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Predominance of deterministic microbial community dynamics in salterns exposed to different light intensities.

Authors
  • Viver, Tomeu1
  • Orellana, Luis H2
  • Díaz, Sara1
  • Urdiain, Mercedes1
  • Ramos-Barbero, María Dolores3
  • González-Pastor, José E4
  • Oren, Aharon5
  • Hatt, Janet K2
  • Amann, Rudolf6
  • Antón, Josefa3
  • Konstantinidis, Konstantinos T2
  • Rosselló-Móra, Ramon1
  • 1 Marine Microbiology Group, Department of Animal and Microbial Biodiversity, Mediterranean Institute for Advanced Studies (IMEDEA, CSIC-UIB), Esporles, Spain. , (Spain)
  • 2 School of Civil and Environmental Engineering, Georgia Institute of Technology, Atlanta, GA, USA. , (Georgia)
  • 3 Department of Physiology, Genetics and Microbiology, University of Alicante, Alicante, Spain. , (Spain)
  • 4 Laboratory of Molecular Adaptation, Department of Molecular Evolution, Centro de Astrobiología, Consejo Superior de Investigaciones Científicas - Instituto Nacional de Técnica Aeroespacial, Madrid, Spain. , (Spain)
  • 5 Department of Plant and Environmental Sciences, The Institute of Life Sciences, The Hebrew University of Jerusalem, Edmond J. Safra Campus, Jerusalem, 9190401, Israel. , (Israel)
  • 6 Department of Molecular Ecology, Max-Planck-Institut für Marine Mikrobiologie, Bremen, D-28359, Germany. , (Germany)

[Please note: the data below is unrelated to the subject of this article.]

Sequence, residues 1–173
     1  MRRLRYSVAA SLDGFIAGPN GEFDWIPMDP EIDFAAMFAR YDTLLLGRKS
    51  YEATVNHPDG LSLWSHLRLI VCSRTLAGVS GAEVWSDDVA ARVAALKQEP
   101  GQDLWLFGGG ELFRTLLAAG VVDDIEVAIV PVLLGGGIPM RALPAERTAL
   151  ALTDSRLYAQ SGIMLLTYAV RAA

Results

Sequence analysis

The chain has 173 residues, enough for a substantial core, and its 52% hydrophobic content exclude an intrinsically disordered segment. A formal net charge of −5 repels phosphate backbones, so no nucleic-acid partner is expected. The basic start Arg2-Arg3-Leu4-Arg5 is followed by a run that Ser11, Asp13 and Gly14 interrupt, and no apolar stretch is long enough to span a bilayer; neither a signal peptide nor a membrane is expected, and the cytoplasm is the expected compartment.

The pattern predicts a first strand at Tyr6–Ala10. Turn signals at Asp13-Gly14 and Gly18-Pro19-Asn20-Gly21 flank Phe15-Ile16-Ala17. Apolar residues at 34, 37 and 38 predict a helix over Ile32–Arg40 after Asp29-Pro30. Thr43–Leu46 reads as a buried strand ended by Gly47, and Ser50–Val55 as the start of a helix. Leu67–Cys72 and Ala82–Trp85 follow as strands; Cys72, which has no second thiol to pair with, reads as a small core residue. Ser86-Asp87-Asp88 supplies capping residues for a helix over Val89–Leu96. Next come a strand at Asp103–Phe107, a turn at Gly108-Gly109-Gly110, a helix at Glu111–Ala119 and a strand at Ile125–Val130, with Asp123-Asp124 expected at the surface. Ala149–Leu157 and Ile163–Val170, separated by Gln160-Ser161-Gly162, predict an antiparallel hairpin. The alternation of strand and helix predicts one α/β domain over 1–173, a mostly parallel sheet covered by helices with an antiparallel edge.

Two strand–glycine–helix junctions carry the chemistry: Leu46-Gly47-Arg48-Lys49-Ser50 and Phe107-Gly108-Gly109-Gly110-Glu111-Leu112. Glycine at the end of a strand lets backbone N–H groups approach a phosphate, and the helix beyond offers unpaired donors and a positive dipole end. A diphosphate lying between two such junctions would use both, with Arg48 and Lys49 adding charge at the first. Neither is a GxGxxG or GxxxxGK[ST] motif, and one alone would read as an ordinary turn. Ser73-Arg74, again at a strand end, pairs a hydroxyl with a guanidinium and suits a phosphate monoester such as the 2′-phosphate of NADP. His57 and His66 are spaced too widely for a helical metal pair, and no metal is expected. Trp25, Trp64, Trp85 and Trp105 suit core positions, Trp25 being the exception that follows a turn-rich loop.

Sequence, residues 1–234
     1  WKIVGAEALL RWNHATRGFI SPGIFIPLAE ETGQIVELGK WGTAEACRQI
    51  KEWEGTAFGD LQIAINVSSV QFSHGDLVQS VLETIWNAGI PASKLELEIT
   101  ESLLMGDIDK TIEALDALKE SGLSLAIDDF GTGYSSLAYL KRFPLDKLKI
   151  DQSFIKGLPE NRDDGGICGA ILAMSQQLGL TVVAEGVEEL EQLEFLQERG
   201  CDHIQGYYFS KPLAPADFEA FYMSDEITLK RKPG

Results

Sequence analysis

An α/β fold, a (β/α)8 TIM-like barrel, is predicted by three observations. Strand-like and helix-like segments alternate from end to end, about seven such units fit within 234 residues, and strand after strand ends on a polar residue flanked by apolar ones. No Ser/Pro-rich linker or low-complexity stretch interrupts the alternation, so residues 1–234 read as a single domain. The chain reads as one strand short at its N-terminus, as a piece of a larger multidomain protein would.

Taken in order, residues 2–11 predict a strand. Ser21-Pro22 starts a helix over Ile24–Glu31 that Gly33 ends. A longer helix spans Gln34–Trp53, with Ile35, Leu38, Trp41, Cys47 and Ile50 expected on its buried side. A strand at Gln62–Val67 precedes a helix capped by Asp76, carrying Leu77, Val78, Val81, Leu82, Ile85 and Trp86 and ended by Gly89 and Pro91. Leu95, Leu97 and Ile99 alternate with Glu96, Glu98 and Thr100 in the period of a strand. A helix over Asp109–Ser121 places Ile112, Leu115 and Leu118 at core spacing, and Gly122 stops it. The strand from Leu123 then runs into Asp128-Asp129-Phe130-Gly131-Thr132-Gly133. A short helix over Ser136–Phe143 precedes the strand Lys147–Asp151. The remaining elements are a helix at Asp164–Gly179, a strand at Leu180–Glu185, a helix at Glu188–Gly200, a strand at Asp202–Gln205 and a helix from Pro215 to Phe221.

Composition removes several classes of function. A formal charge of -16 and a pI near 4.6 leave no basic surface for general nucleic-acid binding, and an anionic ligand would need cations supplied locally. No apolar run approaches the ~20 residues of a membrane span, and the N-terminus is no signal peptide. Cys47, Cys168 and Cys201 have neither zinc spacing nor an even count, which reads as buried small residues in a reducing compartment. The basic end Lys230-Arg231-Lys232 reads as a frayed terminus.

Type
Published Article
Journal
Environmental Microbiology
Publisher
Wiley (Blackwell Publishing)
Publication Date
Nov 01, 2019
Volume
21
Issue
11
Pages
4300–4315
Identifiers
DOI: 10.1111/1462-2920.14790
PMID: 31444990
Source
Medline
Language
English
License
Unknown

Abstract

While the dynamics of microbial community assembly driven by environmental perturbations have been extensively studied, our understanding is far from complete, particularly for light-induced perturbations. Extremely halophilic communities thriving in coastal solar salterns are mainly influenced by two environmental factors-salt concentrations and high sunlight irradiation. By experimentally manipulating light intensity through the application of shading, we showed that light acts as a deterministic factor that ultimately drives the establishment of recurrent microbial communities under near-saturation salt concentrations. In particular, the stable and highly change-resistant communities that established under high-light intensities were dominated (>90% of metagenomic reads) by Haloquadratum spp. and Salinibacter spp. On the other hand, under 37-fold lower light intensity, different, less stable and change-resistant communities were established, mainly dominated by yet unclassified haloarchaea and relatively diverse photosynthetic microorganisms. These communities harboured, in general, much lower carotenoid pigment content than their high-irradiation counterparts. Both assemblage types appeared to be highly resilient, re-establishing when favourable conditions returned after perturbation (i.e. high-irradiation for the former communities and low-irradiation for the latter ones). Overall, our results revealed that stochastic processes were of limited significance to explain these patterns. © 2019 Society for Applied Microbiology and John Wiley & Sons Ltd.

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